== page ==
Bombs target Shiite neighborhoods, claim 21lives in Iraq
February 17, 2013 -- Updated 1514 GMT (2314 HKT)
Overall violence has dropped significantly in Iraq since the peak of sectarian violence, between 2005 and 2007.
- At least 125 others are wounded in six car bombings and three roadside bombs
- Police: The blasts mainly targeted Shiite neighborhoods
- Overall violence in Iraq has dropped in recent years
- But recent violence spurs fears of renewed sectarian warfare
Baghdad (CNN) -- A spate of bombs exploded in Baghdad on Sunday, killing at least 21 people and wounding 125 others, police said.
The blasts -- six car bombs and three roadside explosions -- mainly targeted outdoor markets in Shiite neighborhoods, Baghdad police said.
Overall violence has dropped significantly in Iraq since the peak of sectarian violence, between 2005 and 2007. Yet such attacks continue as the 10-year anniversary of the U.S-led invasion of Iraq nears next month.
The U.S. Embassy in Baghdad condemned the attacks.
Recent attacks in Shiite areas have spread fear among Iraqis that sectarian warfare may ravage the country again.
A look back at Iraq anti-war protests
Sunnis demand that the Shiite-led government stop what they call second-class treatment of Iraq's Sunni community.
Sunnis largely boycotted Iraq's 2005 elections, leading to the emergence of a Shiite-led government. The move left the once-ruling minority disaffected.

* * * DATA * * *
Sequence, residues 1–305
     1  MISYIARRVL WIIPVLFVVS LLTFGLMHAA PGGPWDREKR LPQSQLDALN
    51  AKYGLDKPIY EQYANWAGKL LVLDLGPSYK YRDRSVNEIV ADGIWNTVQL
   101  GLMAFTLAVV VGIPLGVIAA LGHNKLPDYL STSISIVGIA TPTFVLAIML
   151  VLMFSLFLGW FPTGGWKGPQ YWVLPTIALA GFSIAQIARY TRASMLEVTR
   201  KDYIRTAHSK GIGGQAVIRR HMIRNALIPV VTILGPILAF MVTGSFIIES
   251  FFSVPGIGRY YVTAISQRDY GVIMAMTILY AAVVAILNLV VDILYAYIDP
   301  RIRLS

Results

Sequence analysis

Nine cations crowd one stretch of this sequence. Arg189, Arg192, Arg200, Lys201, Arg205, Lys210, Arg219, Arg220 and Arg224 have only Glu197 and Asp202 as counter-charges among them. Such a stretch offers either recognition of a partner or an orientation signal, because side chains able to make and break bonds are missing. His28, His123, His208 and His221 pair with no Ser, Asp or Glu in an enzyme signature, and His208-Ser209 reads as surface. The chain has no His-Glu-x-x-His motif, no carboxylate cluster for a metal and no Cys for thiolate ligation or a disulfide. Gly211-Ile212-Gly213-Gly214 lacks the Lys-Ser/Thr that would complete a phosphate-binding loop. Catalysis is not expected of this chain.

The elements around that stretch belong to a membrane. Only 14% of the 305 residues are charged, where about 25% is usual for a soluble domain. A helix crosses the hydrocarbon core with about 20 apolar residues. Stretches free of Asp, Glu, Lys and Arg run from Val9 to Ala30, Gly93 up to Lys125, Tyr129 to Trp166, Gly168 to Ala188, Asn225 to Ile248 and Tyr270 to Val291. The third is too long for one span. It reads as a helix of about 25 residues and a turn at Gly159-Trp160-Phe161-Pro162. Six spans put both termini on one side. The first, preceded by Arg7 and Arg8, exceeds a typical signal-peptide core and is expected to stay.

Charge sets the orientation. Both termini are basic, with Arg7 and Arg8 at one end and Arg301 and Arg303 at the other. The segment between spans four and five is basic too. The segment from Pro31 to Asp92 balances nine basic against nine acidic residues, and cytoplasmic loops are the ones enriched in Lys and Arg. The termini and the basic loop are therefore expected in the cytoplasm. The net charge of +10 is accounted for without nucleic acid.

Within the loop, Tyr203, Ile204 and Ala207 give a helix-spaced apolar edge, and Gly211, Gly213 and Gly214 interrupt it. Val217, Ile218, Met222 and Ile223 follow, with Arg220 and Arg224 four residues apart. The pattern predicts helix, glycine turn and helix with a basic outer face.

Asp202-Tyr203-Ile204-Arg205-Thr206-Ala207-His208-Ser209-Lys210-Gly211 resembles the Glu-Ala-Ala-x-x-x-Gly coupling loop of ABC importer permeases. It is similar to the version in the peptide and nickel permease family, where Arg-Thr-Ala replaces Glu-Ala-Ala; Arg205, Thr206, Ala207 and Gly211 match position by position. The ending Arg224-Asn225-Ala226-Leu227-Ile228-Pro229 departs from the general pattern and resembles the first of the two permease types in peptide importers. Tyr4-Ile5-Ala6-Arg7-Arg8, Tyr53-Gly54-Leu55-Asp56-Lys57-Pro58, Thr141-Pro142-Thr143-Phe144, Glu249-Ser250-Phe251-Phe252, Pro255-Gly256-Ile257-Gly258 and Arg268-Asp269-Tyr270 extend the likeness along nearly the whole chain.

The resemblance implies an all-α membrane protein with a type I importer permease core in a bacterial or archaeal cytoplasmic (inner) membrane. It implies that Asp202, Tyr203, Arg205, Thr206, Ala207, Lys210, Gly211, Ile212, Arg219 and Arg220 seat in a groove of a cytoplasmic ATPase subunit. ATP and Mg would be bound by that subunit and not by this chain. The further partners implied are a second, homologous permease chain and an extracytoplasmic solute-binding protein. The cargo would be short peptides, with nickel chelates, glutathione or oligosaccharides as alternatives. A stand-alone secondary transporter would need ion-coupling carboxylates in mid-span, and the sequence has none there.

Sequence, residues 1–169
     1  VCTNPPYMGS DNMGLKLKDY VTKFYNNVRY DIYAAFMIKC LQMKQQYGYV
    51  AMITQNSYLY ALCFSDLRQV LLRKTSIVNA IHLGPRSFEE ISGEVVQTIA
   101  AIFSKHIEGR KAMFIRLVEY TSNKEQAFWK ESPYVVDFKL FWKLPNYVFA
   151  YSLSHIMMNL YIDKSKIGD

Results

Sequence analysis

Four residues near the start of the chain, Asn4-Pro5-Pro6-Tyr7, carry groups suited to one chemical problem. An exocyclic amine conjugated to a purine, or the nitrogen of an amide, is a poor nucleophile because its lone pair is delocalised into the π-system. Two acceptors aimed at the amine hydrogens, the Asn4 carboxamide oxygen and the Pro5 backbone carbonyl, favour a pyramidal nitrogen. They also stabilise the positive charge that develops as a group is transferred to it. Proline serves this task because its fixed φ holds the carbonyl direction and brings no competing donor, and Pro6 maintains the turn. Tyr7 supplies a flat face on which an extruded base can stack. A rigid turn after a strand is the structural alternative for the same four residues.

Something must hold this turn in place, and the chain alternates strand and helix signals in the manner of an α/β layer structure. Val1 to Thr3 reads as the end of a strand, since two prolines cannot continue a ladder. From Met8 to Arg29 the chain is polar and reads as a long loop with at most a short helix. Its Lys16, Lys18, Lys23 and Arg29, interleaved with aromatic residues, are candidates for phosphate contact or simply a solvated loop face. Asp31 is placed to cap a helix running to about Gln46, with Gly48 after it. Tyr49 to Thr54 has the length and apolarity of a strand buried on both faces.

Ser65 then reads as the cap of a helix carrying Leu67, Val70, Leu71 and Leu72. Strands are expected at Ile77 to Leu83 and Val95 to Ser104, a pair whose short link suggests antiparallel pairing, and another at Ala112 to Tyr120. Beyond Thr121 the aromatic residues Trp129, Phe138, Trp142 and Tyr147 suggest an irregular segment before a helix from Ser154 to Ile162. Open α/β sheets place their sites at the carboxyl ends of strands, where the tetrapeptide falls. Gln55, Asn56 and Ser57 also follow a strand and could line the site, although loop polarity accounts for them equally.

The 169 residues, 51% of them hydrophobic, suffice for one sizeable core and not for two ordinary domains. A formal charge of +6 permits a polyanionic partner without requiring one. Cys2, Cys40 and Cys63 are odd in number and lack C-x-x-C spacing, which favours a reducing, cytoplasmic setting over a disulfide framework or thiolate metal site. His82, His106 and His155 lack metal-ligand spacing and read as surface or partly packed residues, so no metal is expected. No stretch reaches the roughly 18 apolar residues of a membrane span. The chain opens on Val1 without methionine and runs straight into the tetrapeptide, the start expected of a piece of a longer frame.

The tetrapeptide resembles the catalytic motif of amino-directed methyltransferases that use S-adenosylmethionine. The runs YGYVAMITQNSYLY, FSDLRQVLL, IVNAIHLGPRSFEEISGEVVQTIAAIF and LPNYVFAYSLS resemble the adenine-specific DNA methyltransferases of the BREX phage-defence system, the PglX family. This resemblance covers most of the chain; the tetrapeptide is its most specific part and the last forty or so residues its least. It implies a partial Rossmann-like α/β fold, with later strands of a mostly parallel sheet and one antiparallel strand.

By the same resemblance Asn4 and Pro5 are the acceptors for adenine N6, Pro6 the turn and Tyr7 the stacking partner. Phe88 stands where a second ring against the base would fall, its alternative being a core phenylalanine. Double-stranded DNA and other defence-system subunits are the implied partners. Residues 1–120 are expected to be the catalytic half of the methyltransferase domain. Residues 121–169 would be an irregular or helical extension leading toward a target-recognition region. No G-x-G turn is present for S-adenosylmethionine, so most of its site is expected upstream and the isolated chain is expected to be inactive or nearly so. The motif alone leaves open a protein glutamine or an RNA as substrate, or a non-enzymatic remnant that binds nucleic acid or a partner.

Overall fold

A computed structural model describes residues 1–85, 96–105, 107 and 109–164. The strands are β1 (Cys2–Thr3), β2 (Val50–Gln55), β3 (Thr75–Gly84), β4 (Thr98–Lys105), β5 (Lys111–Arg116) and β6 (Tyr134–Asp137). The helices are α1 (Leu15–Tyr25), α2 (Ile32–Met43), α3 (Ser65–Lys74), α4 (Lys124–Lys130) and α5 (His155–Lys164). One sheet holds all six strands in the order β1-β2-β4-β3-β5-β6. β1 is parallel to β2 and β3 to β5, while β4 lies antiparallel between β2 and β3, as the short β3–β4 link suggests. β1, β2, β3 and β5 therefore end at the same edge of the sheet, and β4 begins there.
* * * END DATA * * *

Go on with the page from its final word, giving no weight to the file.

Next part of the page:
Last month, at least 177 Iraqi civilians, soldiers and police officers were killed in attacks, according to figures compiled by Iraq's interior, defense and health ministries.
The casualties were predominantly civilians, according to the ministries.
The total does not include those killed in Iraq's semi-autonomous Kurdish region, which keeps its own death toll.
Security has deteriorated since last December, when Sunni demonstrators in provinces such as Anbar and Mosul called for an end to what they considered second-class treatment.
The protests were triggered when Iraqi security forces arrested several bodyguards of Finance Minister Rafie al-Essawi, a Sunni.
Today's five most popular stories
Part of complete coverage on
October 29, 2014 -- Updated 1331 GMT (2131 HKT)
A terminally ill woman who plans to take her own life checks off the last item.
October 30, 2014 -- Updated 0115 GMT (0915 HKT)
Armed with Kalashnikovs and chanting for the dead comrades, women are among ISIS' most feared enemies. They are fighting for their families -- and now they are getting U.S. help.
October 28, 2014 -- Updated 1246 GMT (2046 HKT)
Lere Mgayiya put his best foot forward and set up a shoe-shine firm after his career plans fell flat.
October 30, 2014 -- Updated 0528 GMT (1328 HKT)
One Chinese drone manufacturer wants to take away the warmongering stigma of "drones."
October 30, 2014 -- Updated 0312 GMT (1112 HKT)
Sketcher Luis Simoes is traveling the world -- slowly. And he's packed his sketchbook.
October 28, 2014 -- Updated 2043 GMT (0443 HKT)
European states help North Korea's brutal treatment of its people by allowing luxury goods like cars and cognacs to evade sanctions, two experts say.
October 29, 2014 -- Updated 1520 GMT (2320 HKT)
Groping, lewd comments, and that's not the worst of it.
October 28, 2014 -- Updated 0133 GMT (0933 HKT)
British hostage John Cantlie appears from the battle city of Kobani.
October 28, 2014 -- Updated 1443 GMT (2243 HKT)
A captured fighter tells CNN's Ivan Watson: "They gave us drugs... that made you go to battle."
October 24, 2014 -- Updated 0345 GMT (1145 HKT)
Chinese leaders want less odd architecture built in the country.
October 30, 2014 -- Updated 1106 GMT (1906 HKT)
Each day, CNN brings you an image capturing a moment to remember, defining the present in our changing world.
Browse through images from CNN teams around the world that you don't always see on news reports.